The culture of the People's Republic of China is a rich and varied blend of traditional Chinese culture with communist and other international modern and post-modern influences. During the Cultural Revolution, an enormous number of cultural treasures of inestimable value were seriously damaged or destroyed and the practice of many arts and crafts was prohibited. Since the early 1980s, however, official repudiation of those policies has been complemented by vigorous efforts to renew China's remarkable cultural traditions. China's culture thus remains highly complex, encompassing ancient traditions and modern experiments, in what sometimes appears to be a rather dynamic but tenuous mix.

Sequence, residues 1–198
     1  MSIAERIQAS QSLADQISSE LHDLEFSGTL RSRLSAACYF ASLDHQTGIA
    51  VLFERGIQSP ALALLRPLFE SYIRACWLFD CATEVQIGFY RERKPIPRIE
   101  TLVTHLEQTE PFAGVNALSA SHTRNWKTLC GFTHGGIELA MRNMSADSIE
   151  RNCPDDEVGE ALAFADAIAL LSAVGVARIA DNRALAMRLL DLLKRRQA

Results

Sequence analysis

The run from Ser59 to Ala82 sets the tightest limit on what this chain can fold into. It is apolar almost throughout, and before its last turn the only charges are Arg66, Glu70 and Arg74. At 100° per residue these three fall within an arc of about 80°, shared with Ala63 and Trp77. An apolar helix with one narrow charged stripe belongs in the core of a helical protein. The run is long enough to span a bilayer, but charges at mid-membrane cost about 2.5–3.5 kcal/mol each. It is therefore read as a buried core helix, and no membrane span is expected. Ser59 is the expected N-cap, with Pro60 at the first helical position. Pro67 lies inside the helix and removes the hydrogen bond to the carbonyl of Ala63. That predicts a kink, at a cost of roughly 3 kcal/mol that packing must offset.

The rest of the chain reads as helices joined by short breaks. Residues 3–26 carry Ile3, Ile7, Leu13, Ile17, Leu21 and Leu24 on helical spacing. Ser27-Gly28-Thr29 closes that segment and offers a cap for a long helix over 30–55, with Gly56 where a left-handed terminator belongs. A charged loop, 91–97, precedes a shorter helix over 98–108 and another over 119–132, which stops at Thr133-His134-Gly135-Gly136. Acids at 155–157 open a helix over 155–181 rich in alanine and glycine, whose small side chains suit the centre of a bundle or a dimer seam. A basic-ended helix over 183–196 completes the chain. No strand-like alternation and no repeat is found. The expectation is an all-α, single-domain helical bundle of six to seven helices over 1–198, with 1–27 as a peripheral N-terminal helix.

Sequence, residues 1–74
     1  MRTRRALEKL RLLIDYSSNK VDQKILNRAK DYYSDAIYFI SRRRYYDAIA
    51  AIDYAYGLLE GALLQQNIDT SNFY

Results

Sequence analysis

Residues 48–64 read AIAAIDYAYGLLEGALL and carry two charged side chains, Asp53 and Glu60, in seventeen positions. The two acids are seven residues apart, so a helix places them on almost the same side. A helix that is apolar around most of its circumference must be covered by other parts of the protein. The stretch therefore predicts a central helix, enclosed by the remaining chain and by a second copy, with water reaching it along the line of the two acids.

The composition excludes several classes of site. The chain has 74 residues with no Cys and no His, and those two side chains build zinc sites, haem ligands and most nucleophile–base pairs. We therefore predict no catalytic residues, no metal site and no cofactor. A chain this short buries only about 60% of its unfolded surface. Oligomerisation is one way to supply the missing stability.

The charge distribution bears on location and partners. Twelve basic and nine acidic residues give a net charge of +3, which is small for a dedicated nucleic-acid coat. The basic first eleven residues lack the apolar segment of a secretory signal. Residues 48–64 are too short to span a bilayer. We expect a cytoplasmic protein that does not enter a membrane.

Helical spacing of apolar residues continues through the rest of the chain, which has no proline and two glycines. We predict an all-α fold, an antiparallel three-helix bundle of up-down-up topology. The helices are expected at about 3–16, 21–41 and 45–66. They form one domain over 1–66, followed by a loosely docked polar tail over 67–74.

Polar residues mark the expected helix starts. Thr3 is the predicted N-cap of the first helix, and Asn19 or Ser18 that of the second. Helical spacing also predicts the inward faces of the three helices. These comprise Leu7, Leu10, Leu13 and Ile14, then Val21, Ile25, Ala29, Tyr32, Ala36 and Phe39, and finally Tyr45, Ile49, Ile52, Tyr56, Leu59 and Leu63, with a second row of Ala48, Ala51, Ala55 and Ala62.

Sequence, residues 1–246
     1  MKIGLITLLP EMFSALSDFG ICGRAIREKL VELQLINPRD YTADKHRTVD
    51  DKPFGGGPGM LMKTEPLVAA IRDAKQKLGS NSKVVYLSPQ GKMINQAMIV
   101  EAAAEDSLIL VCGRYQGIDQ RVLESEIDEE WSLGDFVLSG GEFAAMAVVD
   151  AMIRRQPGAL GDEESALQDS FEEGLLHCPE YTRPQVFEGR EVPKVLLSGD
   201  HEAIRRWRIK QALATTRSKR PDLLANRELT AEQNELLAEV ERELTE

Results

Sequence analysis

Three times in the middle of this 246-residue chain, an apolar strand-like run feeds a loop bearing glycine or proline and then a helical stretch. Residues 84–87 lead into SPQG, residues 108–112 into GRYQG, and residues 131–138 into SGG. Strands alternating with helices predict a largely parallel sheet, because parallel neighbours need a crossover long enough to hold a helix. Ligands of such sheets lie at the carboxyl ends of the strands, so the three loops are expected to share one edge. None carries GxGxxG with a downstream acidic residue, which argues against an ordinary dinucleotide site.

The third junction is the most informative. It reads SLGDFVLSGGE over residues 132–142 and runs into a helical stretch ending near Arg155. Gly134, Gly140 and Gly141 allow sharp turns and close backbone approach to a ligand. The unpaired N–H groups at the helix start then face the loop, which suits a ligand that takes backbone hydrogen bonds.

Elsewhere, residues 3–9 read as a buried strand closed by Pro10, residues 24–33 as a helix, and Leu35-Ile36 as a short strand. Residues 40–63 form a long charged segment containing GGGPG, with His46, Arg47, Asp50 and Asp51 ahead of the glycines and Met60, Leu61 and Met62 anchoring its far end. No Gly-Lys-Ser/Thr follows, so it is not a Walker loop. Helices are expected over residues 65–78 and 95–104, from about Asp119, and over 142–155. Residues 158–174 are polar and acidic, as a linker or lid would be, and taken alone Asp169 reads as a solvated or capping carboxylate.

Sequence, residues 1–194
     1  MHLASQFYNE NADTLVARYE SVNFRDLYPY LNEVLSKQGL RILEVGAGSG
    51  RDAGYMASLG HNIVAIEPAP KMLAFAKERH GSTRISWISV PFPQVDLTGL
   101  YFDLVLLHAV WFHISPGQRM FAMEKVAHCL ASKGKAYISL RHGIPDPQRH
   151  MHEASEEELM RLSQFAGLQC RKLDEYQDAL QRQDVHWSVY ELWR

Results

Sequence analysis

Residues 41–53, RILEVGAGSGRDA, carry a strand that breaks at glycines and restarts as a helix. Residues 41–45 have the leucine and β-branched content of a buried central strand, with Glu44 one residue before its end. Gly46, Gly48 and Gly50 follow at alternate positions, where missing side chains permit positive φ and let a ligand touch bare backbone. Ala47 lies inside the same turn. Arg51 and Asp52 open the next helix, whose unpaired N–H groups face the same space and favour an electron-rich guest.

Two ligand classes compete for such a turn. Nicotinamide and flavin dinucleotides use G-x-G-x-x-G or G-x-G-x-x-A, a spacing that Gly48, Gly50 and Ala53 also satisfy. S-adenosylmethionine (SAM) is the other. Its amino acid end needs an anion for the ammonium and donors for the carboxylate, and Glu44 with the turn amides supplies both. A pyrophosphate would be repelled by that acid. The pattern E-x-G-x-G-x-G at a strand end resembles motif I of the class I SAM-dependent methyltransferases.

The culture of People's Republic was in development long before its foundation in 1949, and is mainly a combination of traditional Chinese culture and communism. Much of the diversity of China's culture seems to come from the diversity of the Han Chinese who make up China, and the national minorities who bring individual cultural elements from their cultures, and contribute to a continuing development of Chinese culture that follows cultural changes nationwide and internationally. The culture is also very much based on the history of China which developed mainly in isolation over the hundreds of years in which it has adapted and assimilated. The ideology of the Communist and Maoist movement beginning in the twentieth century is certainly crucial to understanding modern Chinese culture. Today, China still has many close cultural links with other parts of the world, especially within East Asia and Southeast Asia (see Sinosphere).
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